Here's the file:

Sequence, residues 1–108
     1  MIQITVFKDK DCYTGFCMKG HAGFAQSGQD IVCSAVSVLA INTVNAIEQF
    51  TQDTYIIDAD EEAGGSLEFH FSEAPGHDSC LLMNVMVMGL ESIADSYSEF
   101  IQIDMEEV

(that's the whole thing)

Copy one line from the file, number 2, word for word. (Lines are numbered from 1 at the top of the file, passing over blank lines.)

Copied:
     1  MIQITVFKDK DCYTGFCMKG HAGFAQSGQD IVCSAVSVLA INTVNAIEQF